As some DFNA15 patients also complained about vestibular problems (S1 Table), we examined the balance functions of the Pou4f3(Δ/+) mice using rotarod tests. Both 7 months old wildtype and Pou4f3(Δ/+) mice were subjected to 3 test protocols: 12 rpm, 20 rpm constant speed and 0–44 rpm accelerating speed (S4A Fig). Results from all the 3 test protocols showed that Pou4f3(Δ/+) mice had similar vestibular function as the wildtype littermates (S4B Fig). The hearing loss phenotype of the Pou4f3(Δ/+) mice was confirmed by DPOAE tests (S4C Fig). To examine the effects of Pou4f3 mutation on vestibular hair cells, we then dissected utricular sensory epithelia from the wildtype and Pou4f3(Δ/+) mice for immunostaining of hair cell markers (S4D Fig). We found that the densities of hair cells in both extrastriolar and striolar regions were comparable between wildtype and Pou4f3(Δ/+) mice (S4E and S4F Fig). Interestingly, the sizes of utricular sensory epithelia from Pou4f3(Δ/+) mice appeared to be smaller than those from the wildtype mice (S4G Fig), indicating mild but significant effect of Pou4f3 mutation on vestibular sensory epithelia. The mild vestibular phenotype of the Pou4f3(Δ/+) mice was consistent with the clinical data, where vestibular complains were not common among the DFNA15 patients and vestibular tests appeared normal even in patients with such complains (S1 Table). We have previously shown that age-related vestibular dysfunction occurs much later than hearing loss [14]. It is possible that the Pou4f3(Δ/+) mice may develop vestibular deficits at a much older age, and the compensatory effects of central vestibular system and other sensory modalities [15] may explain the mild and inconsistent vestibular impairments observed in both DFNA15 patients and mouse models.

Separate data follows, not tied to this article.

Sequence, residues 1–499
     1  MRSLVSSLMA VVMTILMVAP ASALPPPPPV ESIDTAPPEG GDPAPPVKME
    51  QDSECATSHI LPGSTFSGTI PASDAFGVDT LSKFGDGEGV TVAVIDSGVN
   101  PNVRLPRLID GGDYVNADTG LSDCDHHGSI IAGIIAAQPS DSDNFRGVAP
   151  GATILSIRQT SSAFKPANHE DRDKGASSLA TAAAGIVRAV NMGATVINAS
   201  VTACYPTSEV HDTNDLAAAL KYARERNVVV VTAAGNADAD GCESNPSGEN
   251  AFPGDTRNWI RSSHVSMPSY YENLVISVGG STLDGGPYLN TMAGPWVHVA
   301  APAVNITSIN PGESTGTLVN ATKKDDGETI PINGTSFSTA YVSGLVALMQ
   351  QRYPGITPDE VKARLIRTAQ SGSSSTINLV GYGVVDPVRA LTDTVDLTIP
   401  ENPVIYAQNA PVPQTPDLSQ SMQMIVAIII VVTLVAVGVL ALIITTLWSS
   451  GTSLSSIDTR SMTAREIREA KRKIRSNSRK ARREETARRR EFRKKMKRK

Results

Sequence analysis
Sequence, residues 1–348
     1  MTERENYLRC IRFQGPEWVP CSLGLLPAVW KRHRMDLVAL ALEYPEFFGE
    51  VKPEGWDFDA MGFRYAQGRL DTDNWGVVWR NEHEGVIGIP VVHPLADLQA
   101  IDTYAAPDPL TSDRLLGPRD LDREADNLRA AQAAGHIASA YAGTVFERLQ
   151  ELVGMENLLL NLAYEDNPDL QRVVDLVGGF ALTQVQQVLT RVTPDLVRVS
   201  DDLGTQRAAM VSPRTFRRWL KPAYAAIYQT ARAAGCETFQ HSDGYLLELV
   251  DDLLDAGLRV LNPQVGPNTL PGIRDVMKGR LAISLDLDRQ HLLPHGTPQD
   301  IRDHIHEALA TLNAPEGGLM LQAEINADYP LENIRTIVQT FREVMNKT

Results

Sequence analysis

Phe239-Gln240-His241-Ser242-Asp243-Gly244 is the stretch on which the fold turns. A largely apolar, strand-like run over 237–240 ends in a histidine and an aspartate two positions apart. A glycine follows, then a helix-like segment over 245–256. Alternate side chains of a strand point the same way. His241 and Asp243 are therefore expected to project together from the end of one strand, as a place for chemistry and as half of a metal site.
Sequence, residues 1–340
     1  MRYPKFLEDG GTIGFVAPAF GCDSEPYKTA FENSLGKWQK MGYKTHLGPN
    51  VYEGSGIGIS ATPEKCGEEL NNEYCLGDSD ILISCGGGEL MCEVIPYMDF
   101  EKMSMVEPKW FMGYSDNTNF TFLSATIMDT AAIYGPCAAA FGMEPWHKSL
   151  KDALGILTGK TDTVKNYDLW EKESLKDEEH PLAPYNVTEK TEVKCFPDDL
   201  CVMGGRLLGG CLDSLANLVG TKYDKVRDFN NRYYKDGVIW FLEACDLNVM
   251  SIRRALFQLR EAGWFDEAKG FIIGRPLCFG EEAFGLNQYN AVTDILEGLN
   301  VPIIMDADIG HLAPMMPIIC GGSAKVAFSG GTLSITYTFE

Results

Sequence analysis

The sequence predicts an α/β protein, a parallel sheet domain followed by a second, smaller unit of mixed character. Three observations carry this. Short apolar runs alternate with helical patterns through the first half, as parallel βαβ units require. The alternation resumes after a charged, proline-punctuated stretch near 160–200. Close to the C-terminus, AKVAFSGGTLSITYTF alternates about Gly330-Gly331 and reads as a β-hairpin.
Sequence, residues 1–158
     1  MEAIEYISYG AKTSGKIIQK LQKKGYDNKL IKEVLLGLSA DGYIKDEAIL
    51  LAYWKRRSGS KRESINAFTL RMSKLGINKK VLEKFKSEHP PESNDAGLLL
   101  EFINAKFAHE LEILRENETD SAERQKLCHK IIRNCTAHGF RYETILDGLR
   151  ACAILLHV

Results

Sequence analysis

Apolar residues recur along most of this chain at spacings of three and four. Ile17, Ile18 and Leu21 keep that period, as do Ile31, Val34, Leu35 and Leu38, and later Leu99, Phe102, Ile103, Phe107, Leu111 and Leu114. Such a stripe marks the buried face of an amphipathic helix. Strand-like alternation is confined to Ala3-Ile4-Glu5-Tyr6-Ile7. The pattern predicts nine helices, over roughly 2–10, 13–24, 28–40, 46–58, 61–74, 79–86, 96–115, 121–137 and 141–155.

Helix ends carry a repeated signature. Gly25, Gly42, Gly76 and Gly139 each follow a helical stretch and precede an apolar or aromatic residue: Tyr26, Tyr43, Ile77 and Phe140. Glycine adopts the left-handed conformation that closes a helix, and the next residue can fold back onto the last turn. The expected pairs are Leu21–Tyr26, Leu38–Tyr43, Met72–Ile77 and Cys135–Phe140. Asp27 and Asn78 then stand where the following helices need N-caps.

The DFNA15 mouse model displays multiple hair cell pathologies

To address the pathological basis of the DFNA15 deafness, we performed thorough histological analyses in Pou4f3(Δ/+) mice at 4–6 months age (Fig 2 and S5 Fig). The cross-sectioned Pou4f3(Δ/+) cochleae stained with hematoxylin/eosin (H&E) showed clear overall structures including tectorial membranes, inner hair cells (IHCs), and supporting cells; however, some outer hair cells (OHCs) were missing at 32 kHz cochlear region (Fig 2A). Selective degeneration of OHCs but not IHCs at 32 kHz was then confirmed by immunostaining of the sensory epithelia with the hair cell marker Myo7a (Fig 2B and 2C and S5 Fig).